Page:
Thanks to the strong dollar and shy consumers, plus the growing price war between Coles and Woolies, Australian inflation surprised on the downside in the December quarter.

Again, the chorus of Cassandras in the markets and their “Rate Rise Looms” backing groups among the business and economic writers in the media were very much wrong.

The headline rate for the CPI showed a 0.4% rise in the quarter, down from the 0.7% in the September quarter and well under the confident expectations from market economists for a 0.7% risen (and higher from a couple of forecasters).

That was despite the expected sharp jump in fruit (up 15.5%) and vegetables (up 11.1%) in the quarter, an increase that is likely to be repeated to some extent this quarter because of the floods. They drove food prices up by 2.2% in the quarter, which was the biggest rise among all the groups in the CPI survey.

The annual rate was 2.7% down on the 2.8% (restated) for the year to September.

More importantly, the underlying rate used by the Reserve Bank showed either no change, or eased a touch. A combination of the trimmed mean and weighted median, the two measures used by the RBA showed a rise of 0.4% in the last quarter, the same as the headline rate (and down from the September quarter’s 0.55%), for an annual rise of 2.25%, down on the 2.45% in the year to September.

The ABS said:

“The most significant price rises this quarter were for fruit (+15.5%), vegetables (+11.4%), domestic holiday travel and accommodation (+3.8%) and automotive fuel (+2.1%).

“The most significant offsetting price falls were in pharmaceuticals (–6.2%), deposit and loan facilities (–1.3%), motor vehicles (–1.0%), audio, visual and computing equipment (–4.8%) and motor vehicle repair (–1.9%) and clothing and footwear, which fell 1.9%.”

This doesn’t necessarily rule out an interest rate rise from the RBA in the coming months, but it makes one unlikely, even if the labour force figures remain strong. We will get the RBA’s view of 2011 twice next week; the post-meeting statement on Tuesday from governor Glenn Stevens and then the first of the usual four statements on monetary policy on Friday.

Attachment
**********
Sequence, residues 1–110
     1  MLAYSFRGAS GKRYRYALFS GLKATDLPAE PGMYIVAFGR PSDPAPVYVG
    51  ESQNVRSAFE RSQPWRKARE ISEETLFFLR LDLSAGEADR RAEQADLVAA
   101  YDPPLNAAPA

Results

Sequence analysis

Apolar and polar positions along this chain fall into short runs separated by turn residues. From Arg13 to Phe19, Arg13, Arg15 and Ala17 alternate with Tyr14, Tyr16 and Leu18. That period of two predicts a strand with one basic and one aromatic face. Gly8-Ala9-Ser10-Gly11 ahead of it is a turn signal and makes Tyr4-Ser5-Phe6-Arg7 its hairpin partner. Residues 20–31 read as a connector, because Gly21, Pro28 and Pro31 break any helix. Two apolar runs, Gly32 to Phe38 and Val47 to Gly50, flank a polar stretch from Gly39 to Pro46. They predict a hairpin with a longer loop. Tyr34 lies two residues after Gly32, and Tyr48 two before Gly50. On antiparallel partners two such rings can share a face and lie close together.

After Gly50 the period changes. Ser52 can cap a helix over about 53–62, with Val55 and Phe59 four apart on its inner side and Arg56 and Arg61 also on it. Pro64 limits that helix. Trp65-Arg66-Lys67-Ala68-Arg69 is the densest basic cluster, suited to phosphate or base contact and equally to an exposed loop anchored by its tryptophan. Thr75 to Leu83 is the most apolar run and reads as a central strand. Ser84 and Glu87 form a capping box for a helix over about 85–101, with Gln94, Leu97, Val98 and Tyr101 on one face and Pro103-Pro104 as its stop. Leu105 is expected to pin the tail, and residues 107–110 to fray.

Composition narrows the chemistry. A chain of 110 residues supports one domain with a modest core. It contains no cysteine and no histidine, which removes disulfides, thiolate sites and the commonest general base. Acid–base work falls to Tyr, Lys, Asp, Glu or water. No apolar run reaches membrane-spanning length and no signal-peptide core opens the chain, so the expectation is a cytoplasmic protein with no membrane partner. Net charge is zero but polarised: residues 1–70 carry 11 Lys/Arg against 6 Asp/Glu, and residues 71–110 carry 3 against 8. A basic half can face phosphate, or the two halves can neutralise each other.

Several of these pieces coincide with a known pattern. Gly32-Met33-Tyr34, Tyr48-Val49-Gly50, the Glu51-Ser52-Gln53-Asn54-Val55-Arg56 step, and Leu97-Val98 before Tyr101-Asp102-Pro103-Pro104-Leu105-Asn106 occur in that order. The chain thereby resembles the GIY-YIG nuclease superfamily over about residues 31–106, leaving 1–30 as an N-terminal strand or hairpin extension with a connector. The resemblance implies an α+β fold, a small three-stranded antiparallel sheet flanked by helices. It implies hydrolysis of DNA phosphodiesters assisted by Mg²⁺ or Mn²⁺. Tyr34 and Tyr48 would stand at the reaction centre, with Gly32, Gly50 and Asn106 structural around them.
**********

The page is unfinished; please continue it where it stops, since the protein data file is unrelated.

Tuesday’s board meeting will have the latest RBA forecasts on growth and inflation that will be published on Friday  (and could be mentioned in Tuesday’s statement).

What the CPI does confirm is that the higher value of the Australian currency, the price war that Coles has started against Woolworths, which is now replying, and the “new frugalism” among consumers, are combining to exert downward pressure on cost pressures greater than many people imagined.

The Producer Price figures on Monday showed no real change in the December quarter (up 0.1% at the final stage), as the impact of the higher dollar cut the cost of imported materials and goods.

Retailers selling computers and consumer electronics goods, cars, clothing and footwear and other imported items, are doing it tough and not even price cuts and other promotions can get consumers to spend more. The internet is not the concern, it’s the intense price deflation being generated by the dollar, combined with the reluctance of consumers to lash out and spend, spend, spend.

There were one-offs, or unusuals in this report, the fall in drug prices was a result of the budget decision and usually happens at this time, but then the sharp rise in tobacco prices in the June and September quarters of last year were a result of government policy. Leaving those out, the CPI and underlying inflation remains closer to 2% than 3%, despite what the doomsayers and gloomier economists and their media mouthpieces might think.

The problem will come later in the year when the impact of the rebuilding of Brisbane and other flood-impacted areas runs into the expanding resources boom.

Peter Fray

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